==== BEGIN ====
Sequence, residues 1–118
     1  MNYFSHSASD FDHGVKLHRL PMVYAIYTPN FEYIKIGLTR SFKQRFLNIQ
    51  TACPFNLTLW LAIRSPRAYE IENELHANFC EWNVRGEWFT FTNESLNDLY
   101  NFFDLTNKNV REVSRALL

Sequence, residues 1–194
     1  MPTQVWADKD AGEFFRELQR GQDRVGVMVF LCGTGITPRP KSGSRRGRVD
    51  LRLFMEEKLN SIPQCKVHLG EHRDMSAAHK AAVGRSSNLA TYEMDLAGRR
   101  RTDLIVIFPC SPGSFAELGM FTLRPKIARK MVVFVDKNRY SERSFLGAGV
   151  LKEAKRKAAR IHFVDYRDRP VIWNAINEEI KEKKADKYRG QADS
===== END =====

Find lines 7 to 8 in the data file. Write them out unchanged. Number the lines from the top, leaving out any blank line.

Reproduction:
    51  LRLFMEEKLN SIPQCKVHLG EHRDMSAAHK AAVGRSSNLA TYEMDLAGRR
   101  RTDLIVIFPC SPGSFAELGM FTLRPKIARK MVVFVDKNRY SERSFLGAGV